Interior Department Drops Microsoft in Favor of Google Apps
The ongoing battle between Microsoft Office 365 and Google Apps has taken another interesting turn: Following a two-year legal battle involving the two cloud heavyweights, the U.S. Department of the Interior has awarded a seven-year, $35 million contract to Google (NASDAQ: GOOG) partner Onix Networking to provide Gmail and Google collaboration tools for the agency. The contract calls for Onix to move the department’s 90,000 e-mail users from a siloed combination of Microsoft (NASDAQ: MSFT) Exchange and IBM (NYSE: IBM) Lotus Domino to single Google platform.
Here’s the background: In 2010 the Interior Department gave Microsoft a contract to supply its collaboration software. Google and Onix Networking sued, claiming the department had only considered Microsoft before granting a five-year deal worth approximately $49 million. In September 2011, Google dropped the lawsuit after the department announced it would nullify the contract. How’s that for irony?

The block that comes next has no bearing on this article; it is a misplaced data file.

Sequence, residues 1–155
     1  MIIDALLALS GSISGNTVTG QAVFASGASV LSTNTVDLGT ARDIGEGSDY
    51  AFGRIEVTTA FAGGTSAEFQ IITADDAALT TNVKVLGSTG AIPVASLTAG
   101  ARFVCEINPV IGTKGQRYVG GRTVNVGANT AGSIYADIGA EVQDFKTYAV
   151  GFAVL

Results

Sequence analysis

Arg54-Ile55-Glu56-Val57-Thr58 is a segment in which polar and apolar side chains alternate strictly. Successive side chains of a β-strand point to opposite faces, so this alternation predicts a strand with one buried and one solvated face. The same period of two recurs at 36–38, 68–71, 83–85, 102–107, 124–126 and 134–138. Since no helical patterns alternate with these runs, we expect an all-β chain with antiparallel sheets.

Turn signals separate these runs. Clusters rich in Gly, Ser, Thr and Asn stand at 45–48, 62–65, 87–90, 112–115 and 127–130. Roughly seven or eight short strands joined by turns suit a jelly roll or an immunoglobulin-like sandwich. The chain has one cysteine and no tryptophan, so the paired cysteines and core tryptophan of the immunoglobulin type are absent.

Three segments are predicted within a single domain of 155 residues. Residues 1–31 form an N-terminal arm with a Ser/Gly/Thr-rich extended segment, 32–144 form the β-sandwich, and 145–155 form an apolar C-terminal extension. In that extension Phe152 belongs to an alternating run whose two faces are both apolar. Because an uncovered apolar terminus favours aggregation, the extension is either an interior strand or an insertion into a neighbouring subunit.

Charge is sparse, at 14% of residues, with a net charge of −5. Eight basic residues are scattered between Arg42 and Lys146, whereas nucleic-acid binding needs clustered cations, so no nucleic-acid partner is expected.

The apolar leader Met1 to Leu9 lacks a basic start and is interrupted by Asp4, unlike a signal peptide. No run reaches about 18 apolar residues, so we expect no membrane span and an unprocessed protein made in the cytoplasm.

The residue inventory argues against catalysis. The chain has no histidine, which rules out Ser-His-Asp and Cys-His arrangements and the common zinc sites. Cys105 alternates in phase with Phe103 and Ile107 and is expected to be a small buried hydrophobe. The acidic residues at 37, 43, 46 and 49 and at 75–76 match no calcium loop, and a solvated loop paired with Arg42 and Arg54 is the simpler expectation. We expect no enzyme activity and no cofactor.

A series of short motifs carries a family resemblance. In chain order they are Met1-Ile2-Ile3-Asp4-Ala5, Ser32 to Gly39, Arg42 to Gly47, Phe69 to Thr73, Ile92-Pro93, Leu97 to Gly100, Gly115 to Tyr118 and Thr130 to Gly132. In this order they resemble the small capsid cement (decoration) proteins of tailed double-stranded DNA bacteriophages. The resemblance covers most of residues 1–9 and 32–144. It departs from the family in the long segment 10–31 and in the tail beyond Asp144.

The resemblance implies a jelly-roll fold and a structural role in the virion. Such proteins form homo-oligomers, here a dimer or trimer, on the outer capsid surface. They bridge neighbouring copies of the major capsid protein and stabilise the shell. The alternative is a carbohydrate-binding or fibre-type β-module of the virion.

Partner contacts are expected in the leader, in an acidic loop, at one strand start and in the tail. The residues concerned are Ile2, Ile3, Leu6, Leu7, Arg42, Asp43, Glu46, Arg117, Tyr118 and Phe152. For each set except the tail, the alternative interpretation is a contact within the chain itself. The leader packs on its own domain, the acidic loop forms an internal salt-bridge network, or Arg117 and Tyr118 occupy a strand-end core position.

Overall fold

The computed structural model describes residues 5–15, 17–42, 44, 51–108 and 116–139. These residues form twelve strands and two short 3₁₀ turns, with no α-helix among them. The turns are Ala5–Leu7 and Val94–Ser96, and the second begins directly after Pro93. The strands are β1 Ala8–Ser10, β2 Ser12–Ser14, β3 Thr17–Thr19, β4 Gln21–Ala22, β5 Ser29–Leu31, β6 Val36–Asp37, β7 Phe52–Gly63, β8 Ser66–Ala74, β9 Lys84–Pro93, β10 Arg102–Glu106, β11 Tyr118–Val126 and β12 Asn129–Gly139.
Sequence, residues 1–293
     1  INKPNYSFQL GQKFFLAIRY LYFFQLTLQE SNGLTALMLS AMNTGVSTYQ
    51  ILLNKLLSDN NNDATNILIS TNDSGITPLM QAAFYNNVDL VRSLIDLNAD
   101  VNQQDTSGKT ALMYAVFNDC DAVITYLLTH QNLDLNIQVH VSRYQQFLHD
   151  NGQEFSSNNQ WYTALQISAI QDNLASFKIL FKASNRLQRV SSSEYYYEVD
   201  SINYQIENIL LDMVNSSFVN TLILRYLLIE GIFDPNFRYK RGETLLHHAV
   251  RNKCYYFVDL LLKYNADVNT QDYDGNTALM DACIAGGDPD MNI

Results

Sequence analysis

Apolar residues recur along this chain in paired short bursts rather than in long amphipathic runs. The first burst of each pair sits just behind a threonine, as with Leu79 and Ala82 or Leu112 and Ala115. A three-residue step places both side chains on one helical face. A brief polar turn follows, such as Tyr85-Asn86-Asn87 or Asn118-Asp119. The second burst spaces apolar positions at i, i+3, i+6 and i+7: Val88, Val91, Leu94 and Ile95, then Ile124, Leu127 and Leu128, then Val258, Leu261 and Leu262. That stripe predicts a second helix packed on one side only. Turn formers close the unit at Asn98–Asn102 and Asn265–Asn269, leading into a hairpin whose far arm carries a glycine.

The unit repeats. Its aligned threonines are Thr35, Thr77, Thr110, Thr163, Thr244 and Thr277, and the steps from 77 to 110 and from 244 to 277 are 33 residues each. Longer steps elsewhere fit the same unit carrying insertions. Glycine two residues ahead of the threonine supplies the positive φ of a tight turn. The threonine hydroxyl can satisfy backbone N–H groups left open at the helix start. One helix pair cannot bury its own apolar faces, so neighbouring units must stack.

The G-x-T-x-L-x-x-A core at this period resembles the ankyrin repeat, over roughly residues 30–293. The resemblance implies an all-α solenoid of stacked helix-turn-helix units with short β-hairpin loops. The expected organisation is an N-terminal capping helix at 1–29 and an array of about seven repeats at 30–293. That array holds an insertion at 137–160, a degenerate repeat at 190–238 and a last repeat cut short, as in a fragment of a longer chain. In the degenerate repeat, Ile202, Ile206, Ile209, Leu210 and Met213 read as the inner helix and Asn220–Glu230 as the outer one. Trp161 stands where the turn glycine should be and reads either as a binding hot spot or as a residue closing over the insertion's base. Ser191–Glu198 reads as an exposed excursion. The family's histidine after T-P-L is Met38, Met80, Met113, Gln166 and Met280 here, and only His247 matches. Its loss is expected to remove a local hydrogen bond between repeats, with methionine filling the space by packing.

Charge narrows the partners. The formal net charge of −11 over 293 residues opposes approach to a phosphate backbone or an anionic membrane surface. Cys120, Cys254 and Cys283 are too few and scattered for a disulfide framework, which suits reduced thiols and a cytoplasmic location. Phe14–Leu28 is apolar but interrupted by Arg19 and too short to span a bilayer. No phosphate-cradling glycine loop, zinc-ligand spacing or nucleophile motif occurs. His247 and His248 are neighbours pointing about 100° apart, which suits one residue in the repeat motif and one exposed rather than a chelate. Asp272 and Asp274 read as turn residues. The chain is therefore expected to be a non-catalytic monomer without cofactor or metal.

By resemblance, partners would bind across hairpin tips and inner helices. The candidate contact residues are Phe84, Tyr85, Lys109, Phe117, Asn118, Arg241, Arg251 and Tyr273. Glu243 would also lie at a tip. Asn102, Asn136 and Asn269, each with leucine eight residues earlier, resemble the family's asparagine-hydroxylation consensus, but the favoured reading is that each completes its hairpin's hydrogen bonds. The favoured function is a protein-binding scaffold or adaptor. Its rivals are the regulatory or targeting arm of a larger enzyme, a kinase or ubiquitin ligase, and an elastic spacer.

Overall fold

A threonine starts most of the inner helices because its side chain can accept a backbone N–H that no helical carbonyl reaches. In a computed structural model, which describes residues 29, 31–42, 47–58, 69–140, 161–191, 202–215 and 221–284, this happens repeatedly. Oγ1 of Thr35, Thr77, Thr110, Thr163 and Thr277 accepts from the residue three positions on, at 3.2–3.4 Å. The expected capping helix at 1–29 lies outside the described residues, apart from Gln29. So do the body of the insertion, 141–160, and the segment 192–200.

In the department’s official release, Secretary of the Interior Ken Salazar said: “This award is a great example of how our IT Transformation initiative is already delivering value to the Department. Implementing a department-wide, cloud-based e-mail system that helps modernize the ways we do business while cutting costs is good government, plain and simple. We will continue to identify efficiencies to save time and taxpayer dollars using advances in technology to provide better service for less.”
In March 2012, Google Apps reseller Cloud Sherpas used a three-hour Microsoft Office 365 outage to criticize Redmond’s “subpar track record in the cloud.” Also in March, the State of Colorado awarded an e-mail contract to Google Apps and partner Tempus Nova, joining Utah, Wyoming and Maryland as Google Apps customers.
The Google Apps/Office 365 confrontation will no doubt continue, and Talkin’ Cloud will be watching.